(Photo: David Loh/Reuters)

Environmentalists Move to Stop Fishing Nets From Drowning Endangered Whales

Three conservation groups accuse the U.S. government of failing to protect marine mammals caught in mile-long gill nets.
Sep 18, 2014· 2 MIN READ
David Kirby has been a professional journalist for 25 years. His third book, Death at Seaworld, was published in 2012.

Three environmental groups have put the U.S. government on notice that they will file a lawsuit to force a ban on drift gill net fishing off the California coast, a practice that can ensnare and kill whales, dolphins, sea turtles, and other marine life.

The group Oceana, along with the Center for Biological Diversity and the Turtle Island Restoration Network, sent a 60-day notice of intent to sue the National Marine Fisheries Service (NMFS) for not adopting permanent measures to protect endangered sperm whales.

California gill nets killed an estimated 16 sperm whales in 2010, the groups contend, exceeding the maximum number of deaths the sperm whale population can sustain and still recover.

Drift gill nets are mile-long nets laid across the water overnight to catch swordfish and thresher sharks. Environmentalists call them “curtains of death,” as they also trap marine mammals and sea turtles.

“Every year that drift gillnets are used off the California coast to catch swordfish, the result is that iconic whales, dolphins, sea turtles, sharks, and thousands of fish are ensnared and killed as bycatch,” Geoff Shester, Oceana’s California campaign director, said in a statement. “Ultimately this gear type must be fully prohibited off the West Coast so we can have a sustainable swordfish fishery.”

More than 650 marine mammals have been killed by gill net fishing off the California coast since 2001, according to the environmental groups.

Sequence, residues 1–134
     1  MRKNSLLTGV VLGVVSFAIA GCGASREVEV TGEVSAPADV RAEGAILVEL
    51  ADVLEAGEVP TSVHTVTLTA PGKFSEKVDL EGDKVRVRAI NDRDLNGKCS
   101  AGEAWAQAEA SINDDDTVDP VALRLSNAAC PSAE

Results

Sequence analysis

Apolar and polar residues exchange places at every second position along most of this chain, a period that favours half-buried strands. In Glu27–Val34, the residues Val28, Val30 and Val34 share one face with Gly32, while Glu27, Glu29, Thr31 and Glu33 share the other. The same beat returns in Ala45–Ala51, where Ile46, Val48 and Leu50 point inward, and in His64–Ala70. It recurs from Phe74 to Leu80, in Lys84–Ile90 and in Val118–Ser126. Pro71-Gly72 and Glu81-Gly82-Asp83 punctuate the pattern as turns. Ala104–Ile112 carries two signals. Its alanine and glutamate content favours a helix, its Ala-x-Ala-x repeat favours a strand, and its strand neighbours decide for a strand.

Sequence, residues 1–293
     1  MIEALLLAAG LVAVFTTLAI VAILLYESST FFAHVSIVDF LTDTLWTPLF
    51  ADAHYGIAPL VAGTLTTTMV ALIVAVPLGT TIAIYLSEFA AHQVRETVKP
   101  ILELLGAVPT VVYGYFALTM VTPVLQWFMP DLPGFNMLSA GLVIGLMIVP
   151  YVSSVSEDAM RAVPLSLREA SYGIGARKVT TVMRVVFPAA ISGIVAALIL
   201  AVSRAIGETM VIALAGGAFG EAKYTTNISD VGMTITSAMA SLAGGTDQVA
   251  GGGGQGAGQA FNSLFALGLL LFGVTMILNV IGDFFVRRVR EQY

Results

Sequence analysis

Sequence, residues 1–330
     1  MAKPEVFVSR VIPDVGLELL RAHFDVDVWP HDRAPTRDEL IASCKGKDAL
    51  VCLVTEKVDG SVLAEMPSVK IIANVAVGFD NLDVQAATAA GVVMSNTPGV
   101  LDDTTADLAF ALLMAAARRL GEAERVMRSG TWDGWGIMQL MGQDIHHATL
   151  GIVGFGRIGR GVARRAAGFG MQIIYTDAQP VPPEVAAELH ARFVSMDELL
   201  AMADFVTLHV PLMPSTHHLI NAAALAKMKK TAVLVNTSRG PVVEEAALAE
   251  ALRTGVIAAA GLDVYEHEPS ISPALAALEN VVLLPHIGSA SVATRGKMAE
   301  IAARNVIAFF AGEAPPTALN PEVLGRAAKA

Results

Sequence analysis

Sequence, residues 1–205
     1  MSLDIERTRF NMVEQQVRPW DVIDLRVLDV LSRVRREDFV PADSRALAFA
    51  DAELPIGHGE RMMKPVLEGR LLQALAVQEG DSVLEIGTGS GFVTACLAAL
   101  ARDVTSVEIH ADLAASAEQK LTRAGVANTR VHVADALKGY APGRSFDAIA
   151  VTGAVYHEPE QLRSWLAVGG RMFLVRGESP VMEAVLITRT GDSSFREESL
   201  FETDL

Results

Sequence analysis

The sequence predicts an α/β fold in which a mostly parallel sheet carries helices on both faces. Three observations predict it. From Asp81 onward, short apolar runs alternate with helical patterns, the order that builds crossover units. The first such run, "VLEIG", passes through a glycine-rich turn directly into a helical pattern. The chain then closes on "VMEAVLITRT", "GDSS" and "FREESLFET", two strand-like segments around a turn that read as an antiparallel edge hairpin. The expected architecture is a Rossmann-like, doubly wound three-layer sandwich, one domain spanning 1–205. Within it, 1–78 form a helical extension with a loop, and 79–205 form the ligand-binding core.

The California fishery in dispute stretches from the Mexican border to San Francisco and about 150 miles out to sea.

Earlier this month, Oceana sent a letter to the Pacific Fishery Management Council, an advisory board to NMFS, demanding that the agency adhere to regulations under the Marine Mammal Protection Act requiring fisheries to “reduce incidental mortality and serious injury of marine mammals to insignificant levels approaching a zero.”

Drift gill nets are efficient killers. While some large whales manage to break free, the nets can entangle their fins and flukes, creating considerable drag that depletes energy reserves.

The groups are calling on NMFS to reduce bycatch by requiring more selective fishing methods and accurate reporting of bycatch.

Swordfish can be caught with harpoons, a method that creates zero bycatch, according to Oceana.

The Pacific Coast Federation of Fishermen’s Associations did not respond to a request for comment.

At a meeting on Monday, the Pacific Fishery Management Council debated proposals to impose “hard caps” on the number of endangered marine species that are injured or killed by the industry.

“They want to incentivize fishermen to take measures to avoid bycatches, which may lead to more innovations for how they fish,” said Mark Helvey, NMFS West Coast program director for highly migratory species.

Another option is to close down the fishery for the remainder of the swordfish season, from roughly September to January, if numbers exceed targets. The council is set to deliver a final recommendation in March.

For now, catching unintended marine species in gill nets is technically legal.

Helvey said the death of endangered or threatened marine mammals species, such as sperm and humpback whales, from gill nets was rare. California fishermen, he added, are required to place pingers on the nets. “They deter animals, which become aware that something is ahead,” he said. Nets must also be placed 36 feet below the surface to allow animals to swim over them.

That doesn’t satisfy conservationists.

“These nets have become a death trap for many species beyond swordfish,” said Catherine Kilduff of the Center for Biological Diversity. “It’s time to start looking for less lethal ways to fish.”